She’s also a sergeant in the U.S. Army Reserves. This Motor Transportation Operator in the 443rd Transportation Company in Omaha does her battle assembly drills and training on weekends. She does her amateur fighting thing both inside and outside the confines of the Army, which has made her a poster girl.
The goarmy.com web site profiles Anderson’s multi-faceted life as reservist, student, boxer and young woman-going-places. She looks fetching in a portrait shot with an American flag backdrop. She stands tall, all 5-foot-5 of her, wearing a red tank top, her arms folded across her chest, her long blond hair framing her determined face and her gloves fecklessly slung over one shoulder. It’s a strong, sexy, confident, patriotic image.
Other photos show her in her Army fatigues and dress blues. She said snippets from the promo can be seen in GoArmy television spots. She felt like a pampered star when last July the Army sent a large production crew to the house she shares. “It took two days, about 12 hours each day. They did my hair and makeup,” she said.
“It’s a cool story for people who are interested in the Army,” she said.
Portraying her as a warrior is not a stretch. Not when you see her throw some leather in the ring. She can bring it. She’s tough enough to own the nation’s No. 5 women’s amateur ranking at 132 pounds. That ranking’s significance is debatable given the few women in the sport. But watch her spar and it’s clear she packs some power and possesses more than rudimentary skills. She has serious intent.
When not competing in Army tournaments she trains at the Northside Boxing Club in northwest Omaha. It’s an apt setting, given that the gym operates from one of the low-slung concrete block structures, Building 203, that housed elements of a former U.S. Air Force radar base. These days the multi-acre fenced-in compound at 11000 North 72nd Street belongs to construction Local Labor Union 1140.
While in training she’s at the gym five times a week. She’s now preparing for the August 4-9 Ringside World Amateur Boxing Championships in K.C., a signature event for a young woman with high aspirations.
My dream is to be a national champion and to fight in the Olympics,” she said.
Turning pro is another goal. Laila Ali has shown that talent and looks in the ring can lead to fame and fortune. But Anderson wants that trophy or medal first.
A national title may soon be within her reach. The Olympics will have to wait as its international governing body has not sanctioned women’s boxing. She hopes girl fighters like herself get their chance at the 2012 summer games.
Female boxing’s a fringe thing. Women’s Golden Gloves is still in its infancy. The small number who compete makes it difficult finding matches. Anderson’s fought one girl five times. To get action she must often travel. One of her last Nebraska fights stole the show on a 2007 Melee at InPlay card.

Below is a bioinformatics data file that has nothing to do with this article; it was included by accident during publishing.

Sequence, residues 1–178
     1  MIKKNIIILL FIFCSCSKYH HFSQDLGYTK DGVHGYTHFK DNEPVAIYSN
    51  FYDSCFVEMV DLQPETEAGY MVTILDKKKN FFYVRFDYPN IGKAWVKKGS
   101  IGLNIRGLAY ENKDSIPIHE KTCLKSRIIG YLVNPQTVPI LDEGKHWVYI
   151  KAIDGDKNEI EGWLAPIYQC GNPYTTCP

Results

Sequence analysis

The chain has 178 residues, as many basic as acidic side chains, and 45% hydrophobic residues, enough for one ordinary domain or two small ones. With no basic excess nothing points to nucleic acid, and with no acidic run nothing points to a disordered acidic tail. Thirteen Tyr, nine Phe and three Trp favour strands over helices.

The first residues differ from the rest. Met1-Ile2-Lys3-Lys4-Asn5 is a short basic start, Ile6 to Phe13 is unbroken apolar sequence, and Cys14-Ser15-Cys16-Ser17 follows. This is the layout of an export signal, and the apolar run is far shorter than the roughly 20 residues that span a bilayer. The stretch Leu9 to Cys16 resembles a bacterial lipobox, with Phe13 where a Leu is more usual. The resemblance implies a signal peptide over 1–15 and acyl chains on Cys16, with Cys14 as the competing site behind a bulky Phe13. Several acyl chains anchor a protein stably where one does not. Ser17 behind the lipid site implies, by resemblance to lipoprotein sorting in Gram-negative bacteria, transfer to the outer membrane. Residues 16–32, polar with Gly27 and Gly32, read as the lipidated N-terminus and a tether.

Sparse local/regional competition makes any national or international boxing event that much more important to her ambitions of being a title holder. Actually, she already owns one. She won the 2007 Armed Services Championships’ 132-pound division at Lackland Air Force Base in Texas. But she acknowledges she didn’t have the stiffest draw and captured the title on the basis of only two wins, both against fellow servicewomen. No, the championship she really wants is a civilian one, in an open tourney like Ringside that features more top drawer talent.
Her coaches, led by former Omaha amateur boxer Tim Pilant, had high hopes for her in the National Women’s Golden Gloves tourney earlier this year but she got sick and didn’t make the trip. Two years before Anderson stopped one opponent at these same nationals before dropping a 5-0 decision in her second bout.
Pilant, who runs the Northside Boxing Club with a crew of grizzled ring veterans, “adopted” Anderson three years ago at a national tourney in Colorado Springs when she didn’t have anyone working her corner. Her original coaches and boxing father figures had both died and she was competing on her own. Pilant cornered her and invited her to train at Northside back home. She’s been there ever since.
He admires her “commitment” and “dedication.”
To date, Anderson’s been stymied at the highest levels by two women who’ve dominated her weight class — Naquana Smalls and Carrie Barry. Smalls has since retired, leaving Barry as the foe Anderson must go through to realize her dream.
Preparing for her first nationals in 2003 Anderson saw a picture of Smalls, already a legend, and was, well, intimidated. “I remember looking at her face in the brochure and going, ‘Man, I hope I don’t fight that girl right away.’ She did. In the mismatch Smalls stopped her. She fared better with Barry but still lost a unanimous decision.
One day Anderson wants to be the woman nobody wants to face.
“That’s exactly right. I’ve actually built myself up that way. All you have to do is work towards it and it can be you. You just have to tell yourself it’s going to be you,” she said.
She may not ever be a Million Dollar Baby but her looks and her smarts, combined with her heart, should help her go the distance.